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Benny Landman

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Is your home in a rising market?

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Just a few of my recently sold properties...

Another fabulous dinner party on Saturday night thrown by my amazingly talented wife. Our guests included local friends as well as friends from Canada and Scottsdale, Arizona: great conversation, food & wine!

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Del Mar Home Tour

Benny will be a proud sponsor of the first annual Del Mar Schools Home Tour this May 6th, 2012, all proceeds go directly to the school and students of Del Mar.

Almost Rich
The Western world has become economically complicated: a recession that doesn’t want to go away; governments that are broke; and Europe, in a debt crisis. In general life in San Diego does not appear so grim, but a close examination of the true cost of living makes us understand why rich is never rich enough.
The threshold for the top one per cent of income earners is $250,000. In an increasingly pricy area like Southern California we seem to pay a premium for everything from gas to grocery’s, for some $250,000 can seem positively middle-class, especially after taxes.
For many San Diegans, that amount disappears fast. For those with young kids, daycare and preschools can cost upwards of $1,500 a month, not to mention if you have college aged students, a private or out of state university can cost over $50,000 per year. And of course there are the car payments and retirement accounts, wardrobe, utility bills and something to set aside should anything go wrong, plus the cost of food and basic entertainment. Living the “good life” is very difficult.
During my childhood, spent in a middle class neighborhood of Detroit, my parents were not worrying about replacing their laminate kitchen counters with granite or marble. You could host a casual weekend party without spending a fortune. Clearly living the “good Life” wasn’t the full time pursuit.
San Diego’s most sought after neighborhoods: La Jolla, Solana Beach, Rancho Santa Fe, and Del Mar, to name a few, are the ones where the average household debt levels are often among the highest. The result of this unreasonable amount of debt is that even those who earn $250,000 hope that next week’s payday will cover this week’s overspending.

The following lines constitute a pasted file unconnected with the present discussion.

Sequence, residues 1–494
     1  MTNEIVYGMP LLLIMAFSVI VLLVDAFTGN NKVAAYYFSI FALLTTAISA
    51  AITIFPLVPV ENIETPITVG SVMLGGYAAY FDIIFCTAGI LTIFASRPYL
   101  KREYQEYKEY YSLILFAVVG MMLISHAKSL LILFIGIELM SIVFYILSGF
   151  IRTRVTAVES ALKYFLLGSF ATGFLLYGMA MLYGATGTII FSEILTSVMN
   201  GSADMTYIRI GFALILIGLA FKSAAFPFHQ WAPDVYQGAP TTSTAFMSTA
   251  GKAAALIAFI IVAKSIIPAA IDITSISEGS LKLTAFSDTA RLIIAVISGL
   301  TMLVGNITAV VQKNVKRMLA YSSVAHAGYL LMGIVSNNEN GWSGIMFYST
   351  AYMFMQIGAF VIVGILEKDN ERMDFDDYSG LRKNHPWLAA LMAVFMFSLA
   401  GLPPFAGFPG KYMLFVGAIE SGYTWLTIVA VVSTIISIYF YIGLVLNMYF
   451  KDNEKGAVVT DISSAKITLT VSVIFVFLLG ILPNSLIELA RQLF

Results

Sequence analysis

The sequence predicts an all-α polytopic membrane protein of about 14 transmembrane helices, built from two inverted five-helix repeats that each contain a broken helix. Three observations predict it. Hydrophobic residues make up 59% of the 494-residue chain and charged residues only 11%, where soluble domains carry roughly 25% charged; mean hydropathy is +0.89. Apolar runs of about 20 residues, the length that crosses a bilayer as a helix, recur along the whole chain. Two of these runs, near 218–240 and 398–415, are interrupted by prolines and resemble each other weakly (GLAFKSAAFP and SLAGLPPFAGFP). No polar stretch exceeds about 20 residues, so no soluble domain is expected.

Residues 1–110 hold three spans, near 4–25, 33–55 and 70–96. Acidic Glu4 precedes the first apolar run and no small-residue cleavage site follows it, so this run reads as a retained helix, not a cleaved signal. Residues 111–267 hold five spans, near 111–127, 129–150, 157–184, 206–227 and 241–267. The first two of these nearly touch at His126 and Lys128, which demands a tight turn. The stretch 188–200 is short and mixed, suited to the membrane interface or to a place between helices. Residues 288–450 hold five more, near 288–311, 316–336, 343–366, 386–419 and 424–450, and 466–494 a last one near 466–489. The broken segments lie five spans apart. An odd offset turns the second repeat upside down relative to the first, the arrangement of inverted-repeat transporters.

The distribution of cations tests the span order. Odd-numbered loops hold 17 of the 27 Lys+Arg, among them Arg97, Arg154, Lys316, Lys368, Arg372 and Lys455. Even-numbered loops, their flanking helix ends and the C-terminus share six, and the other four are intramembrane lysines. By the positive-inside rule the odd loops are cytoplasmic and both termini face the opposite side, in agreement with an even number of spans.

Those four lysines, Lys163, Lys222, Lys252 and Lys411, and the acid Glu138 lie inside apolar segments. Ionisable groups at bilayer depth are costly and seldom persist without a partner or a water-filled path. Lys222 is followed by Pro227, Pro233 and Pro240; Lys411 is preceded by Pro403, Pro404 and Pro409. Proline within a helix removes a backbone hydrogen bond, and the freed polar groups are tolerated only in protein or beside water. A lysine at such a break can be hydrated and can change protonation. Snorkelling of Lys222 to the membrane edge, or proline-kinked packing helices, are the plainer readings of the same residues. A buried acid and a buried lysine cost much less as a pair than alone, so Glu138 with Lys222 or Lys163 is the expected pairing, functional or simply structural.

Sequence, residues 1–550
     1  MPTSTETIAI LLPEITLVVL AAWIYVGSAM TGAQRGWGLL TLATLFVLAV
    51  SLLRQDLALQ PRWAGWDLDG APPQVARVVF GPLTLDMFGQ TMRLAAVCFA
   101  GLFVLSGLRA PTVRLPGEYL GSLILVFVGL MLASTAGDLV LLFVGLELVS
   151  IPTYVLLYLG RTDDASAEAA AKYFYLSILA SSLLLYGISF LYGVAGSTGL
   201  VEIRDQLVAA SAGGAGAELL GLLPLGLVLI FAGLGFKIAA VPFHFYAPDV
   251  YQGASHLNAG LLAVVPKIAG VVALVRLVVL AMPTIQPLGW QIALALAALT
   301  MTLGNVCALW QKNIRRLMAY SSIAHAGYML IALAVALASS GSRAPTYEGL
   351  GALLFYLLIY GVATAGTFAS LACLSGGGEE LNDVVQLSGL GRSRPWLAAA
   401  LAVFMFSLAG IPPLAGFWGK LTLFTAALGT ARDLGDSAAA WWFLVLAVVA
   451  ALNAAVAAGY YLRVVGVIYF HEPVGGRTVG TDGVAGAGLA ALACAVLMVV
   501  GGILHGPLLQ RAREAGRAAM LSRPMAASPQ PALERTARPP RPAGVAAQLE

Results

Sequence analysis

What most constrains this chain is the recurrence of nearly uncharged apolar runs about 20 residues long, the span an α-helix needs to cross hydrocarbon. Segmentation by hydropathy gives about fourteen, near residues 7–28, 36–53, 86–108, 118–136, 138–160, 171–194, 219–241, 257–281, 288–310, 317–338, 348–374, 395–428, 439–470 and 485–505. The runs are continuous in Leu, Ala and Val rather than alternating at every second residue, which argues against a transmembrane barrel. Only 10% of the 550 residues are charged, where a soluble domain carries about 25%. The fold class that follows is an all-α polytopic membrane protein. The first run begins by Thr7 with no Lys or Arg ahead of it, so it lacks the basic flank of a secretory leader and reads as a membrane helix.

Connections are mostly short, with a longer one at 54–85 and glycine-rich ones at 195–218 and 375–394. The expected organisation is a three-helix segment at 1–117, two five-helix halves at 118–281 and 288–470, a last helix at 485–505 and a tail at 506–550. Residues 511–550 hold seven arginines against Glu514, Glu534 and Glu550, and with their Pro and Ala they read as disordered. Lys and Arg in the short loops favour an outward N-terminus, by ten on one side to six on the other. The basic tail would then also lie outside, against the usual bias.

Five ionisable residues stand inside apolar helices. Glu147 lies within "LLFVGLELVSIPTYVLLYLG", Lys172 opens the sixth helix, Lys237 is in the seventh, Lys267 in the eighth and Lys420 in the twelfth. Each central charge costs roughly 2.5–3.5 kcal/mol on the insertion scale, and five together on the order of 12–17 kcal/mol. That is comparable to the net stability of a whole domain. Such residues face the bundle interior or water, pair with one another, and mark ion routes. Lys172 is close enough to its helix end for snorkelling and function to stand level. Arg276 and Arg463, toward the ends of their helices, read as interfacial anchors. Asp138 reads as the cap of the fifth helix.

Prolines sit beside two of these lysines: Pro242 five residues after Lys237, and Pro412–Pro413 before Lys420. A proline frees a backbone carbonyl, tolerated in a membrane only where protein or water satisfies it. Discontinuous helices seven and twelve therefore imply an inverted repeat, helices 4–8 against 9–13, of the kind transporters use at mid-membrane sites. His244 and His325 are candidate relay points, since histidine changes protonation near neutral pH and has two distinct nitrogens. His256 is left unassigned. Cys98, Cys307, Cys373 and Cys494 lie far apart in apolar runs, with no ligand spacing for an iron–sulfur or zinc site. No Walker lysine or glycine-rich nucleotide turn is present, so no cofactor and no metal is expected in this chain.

When my wife and I bought into Del Mar in 1993 our neighbors were retired university professors, and other middle class income earners. In the decades since, old owners were replaced, by successful 30-40 something white-collar professionals. Chevys and Toyotas have given way to BMWs and Mercedes.
Who is wealthy enough to become my neighbor? It’s not as grim as it appears because today we are experiencing a market unlike before….never in my 40 year Real Estate career has the mortgage interest rates and the price of real estate moved in the same direction. Not only are interest rates the lowest since the 1950’s, but the housing prices have tumbled throughout the county. 4% interest rates for 30 year conforming loans and under 3% for 5 year mortgages are what my parents had in the 1950’s when they bought their new home for $25,000.
All areas of San Diego housing have lost value but in prime areas the values have stabilized. Now my problem with presenting offers is not the bank’s ability to lend or not lend, but sellers receiving multiple bids on the same property. People are buying and the supply of good homes is low: too many buyers are chasing too few homes. It’s only a matter of time before the housing prices begin to rise, and I predict by the beginning of summer the media will be talking about this trend. San Diego may be an expensive place to live but right now housing is one of the only great bargains left for the “almost rich” middle class.
PS have you checked the cost of a gallon of gas? In the 1950’s it cost about $0.20 a gallon and 3% mortgage rates were common, today we can still get a 3% mortgage, but a gallon of gas….
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